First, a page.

Vachss: It's not a question of stepping into the arena. It was much more Oprah's money than it was anything else that was done. The only time she spoke of this is when I was on television with her. And that was several times, sure, but it was really me talking about her saying, "Yeah." I'm not saying she wasn't supportive, but you if have looked at Oprah's shows the last year or so or two years, or three years even, they are not exactly what you'd call issue-oriented. And her constituency... if there was legislation about makeovers, I think maybe... She can get, certainly, I don't know, people to write letters, but she's not going to get anybody, that I can see, to be obsessed about the passage of a particular piece of legislation. It's not a referendum system. If it was a referendum system that we had nationally, I believe we could get it passed. I absolutely do.

    Todd: Is there any way a grassroots effort can bring this up on a referendum?

    Vachss: Not federally, no. There's no legislative process where there can be a national referendum. You're talking about something as big as a plebiscite. My goodness, if you look at the history of the ERA, a struggle that you think couldn't be lost...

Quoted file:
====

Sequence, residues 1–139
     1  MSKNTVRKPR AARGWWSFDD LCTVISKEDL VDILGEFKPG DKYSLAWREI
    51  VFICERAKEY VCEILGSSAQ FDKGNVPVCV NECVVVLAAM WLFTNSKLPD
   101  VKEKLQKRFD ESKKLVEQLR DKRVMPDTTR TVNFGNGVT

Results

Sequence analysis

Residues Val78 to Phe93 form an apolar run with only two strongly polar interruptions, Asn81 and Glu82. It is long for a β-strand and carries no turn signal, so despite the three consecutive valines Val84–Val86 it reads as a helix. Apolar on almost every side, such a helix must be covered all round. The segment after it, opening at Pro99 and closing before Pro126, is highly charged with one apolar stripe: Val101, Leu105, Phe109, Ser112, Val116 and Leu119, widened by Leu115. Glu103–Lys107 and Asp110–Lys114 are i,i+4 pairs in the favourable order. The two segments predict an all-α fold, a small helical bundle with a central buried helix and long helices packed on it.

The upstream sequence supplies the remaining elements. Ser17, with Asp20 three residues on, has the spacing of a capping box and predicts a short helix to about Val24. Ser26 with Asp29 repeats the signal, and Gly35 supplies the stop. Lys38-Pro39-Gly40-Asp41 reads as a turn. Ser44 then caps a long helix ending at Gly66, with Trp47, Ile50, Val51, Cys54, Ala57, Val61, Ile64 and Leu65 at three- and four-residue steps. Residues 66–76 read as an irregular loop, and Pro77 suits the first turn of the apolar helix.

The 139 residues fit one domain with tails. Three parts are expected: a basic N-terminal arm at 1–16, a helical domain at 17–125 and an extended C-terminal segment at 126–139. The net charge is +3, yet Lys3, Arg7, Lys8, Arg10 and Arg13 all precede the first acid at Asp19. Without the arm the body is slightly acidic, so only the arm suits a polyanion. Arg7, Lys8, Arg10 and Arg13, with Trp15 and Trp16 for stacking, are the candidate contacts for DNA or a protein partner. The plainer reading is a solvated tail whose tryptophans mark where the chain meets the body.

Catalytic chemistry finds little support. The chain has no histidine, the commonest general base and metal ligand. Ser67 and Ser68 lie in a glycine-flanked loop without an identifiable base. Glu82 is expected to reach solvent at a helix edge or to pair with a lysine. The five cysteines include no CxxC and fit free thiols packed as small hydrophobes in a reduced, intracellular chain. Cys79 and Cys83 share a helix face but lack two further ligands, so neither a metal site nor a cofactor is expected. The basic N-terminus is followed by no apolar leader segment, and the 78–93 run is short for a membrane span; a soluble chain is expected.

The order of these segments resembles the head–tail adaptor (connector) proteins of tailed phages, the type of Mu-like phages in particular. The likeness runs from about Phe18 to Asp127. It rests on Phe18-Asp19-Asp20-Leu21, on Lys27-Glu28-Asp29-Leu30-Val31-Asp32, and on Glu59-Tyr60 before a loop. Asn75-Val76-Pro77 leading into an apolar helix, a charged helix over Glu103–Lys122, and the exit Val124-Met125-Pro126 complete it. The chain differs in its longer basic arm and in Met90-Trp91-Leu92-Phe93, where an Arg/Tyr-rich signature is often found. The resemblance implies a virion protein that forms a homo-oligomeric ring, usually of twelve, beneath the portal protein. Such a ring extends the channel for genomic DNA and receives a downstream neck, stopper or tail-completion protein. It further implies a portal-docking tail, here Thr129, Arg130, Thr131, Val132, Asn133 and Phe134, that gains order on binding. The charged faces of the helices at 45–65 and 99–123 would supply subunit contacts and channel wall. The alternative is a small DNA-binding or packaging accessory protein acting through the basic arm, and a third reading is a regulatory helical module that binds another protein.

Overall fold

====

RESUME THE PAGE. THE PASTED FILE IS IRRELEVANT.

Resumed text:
Todd: Is still going on, full throttle...

    Vachss: Yeah. Also, you've got to remember, for politicians, you have to offer them some inducement other than "It's the right thing to do."

    Todd: Correct. I think, "It's the right thing to do and we can do it on your term. It can be finished and your name can be on that bill."

    Vachss: That's right. The good part about it is the bill really appeals to those who want to see it as an anti-crime measure. "Let's make child molesters do more time" kind of thing. And those who see it as a child protective measure. And it has no tax consequences, so you don't have that handicap. But the fact that something's beneficial or valuable or even righteous has never been enough, in and of itself, to move Congress.

    Todd: I think the family values platform is really, really nice to say but it's really vague at the same time.